PID occurs when the pneumococcus moves from colonizing the upper respiratory tract to colonizing sites that are normally sterile, such as blood, cerebrospinal fluid or pleural cavity fluid-filled space surrounding the lungs. There are two types of pneumococcal vaccines available: conjugated polysaccharide pneumococcal vaccine PCV and non-conjugated polysaccharide pneumococcal vaccine PPSV. Both vaccines are designed to elicit immune responses against multiple serotypes of pneumococcus, which are defined by the different immune responses to the sugars found on the bacterial surface.

While there are two types of pneumococcal vaccines available, for children under two years old only the conjugated i. PCV vaccines are recommended because the non-conjugated versions i. PPSV are not effective at such a young age. Several studies have attempted to estimate how many lives PCV vaccination has saved and could possibly save. The majority of these deaths would have been caused by pneumonia, but the vaccine also prevented deaths from pneumococcal meningitis and other diseases.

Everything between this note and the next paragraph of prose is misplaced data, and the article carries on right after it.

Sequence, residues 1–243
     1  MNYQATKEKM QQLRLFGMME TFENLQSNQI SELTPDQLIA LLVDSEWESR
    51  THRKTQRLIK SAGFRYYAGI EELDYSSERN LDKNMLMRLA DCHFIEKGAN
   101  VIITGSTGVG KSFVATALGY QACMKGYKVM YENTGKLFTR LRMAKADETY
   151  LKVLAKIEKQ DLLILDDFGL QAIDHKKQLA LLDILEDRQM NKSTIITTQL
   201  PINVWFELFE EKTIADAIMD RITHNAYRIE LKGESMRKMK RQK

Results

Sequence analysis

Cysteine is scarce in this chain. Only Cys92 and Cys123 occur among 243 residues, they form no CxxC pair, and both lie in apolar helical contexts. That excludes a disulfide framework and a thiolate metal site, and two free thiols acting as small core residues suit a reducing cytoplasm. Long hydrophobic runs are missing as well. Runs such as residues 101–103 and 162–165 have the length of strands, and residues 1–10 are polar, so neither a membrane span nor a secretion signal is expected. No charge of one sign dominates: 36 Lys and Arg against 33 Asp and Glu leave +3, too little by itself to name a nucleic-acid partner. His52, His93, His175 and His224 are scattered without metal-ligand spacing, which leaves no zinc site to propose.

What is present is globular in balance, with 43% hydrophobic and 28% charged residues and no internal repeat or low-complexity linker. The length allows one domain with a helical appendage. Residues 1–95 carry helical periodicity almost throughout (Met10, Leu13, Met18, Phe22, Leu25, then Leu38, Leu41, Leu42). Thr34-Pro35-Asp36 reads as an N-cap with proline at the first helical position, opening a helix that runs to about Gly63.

It is based on a recent study published in The Lancet Global Health journal, which calculated that if the PCV vaccine coverage would reach at least the levels of the vaccination against diphtheria, tetanus and pertussis DTP3 , the lives of , children under 5 could be saved. These number estimate the impact of the PCV vaccination relative to a world without that vaccine — since the vaccine is already used it means that some of these lives are already being saved by the PVC vaccination. PCV vaccines are amongst the most expensive vaccines in national immunisation programmes. But given the high burden of pneumococcal diseases, even at high prices, PCV vaccines are considered to be cost-effective, with an estimated return of investment in low- and middle-income countries of around 3.

PCV vaccines include a limited subset of possible pneumococcal serotypes. The distribution of pneumococcal serotypes is known to vary between countries and PCV vaccines include the ones that are most common globally. However, not all countries collect data on serotype distribution, and an assessment of the potential impact is therefore compromised.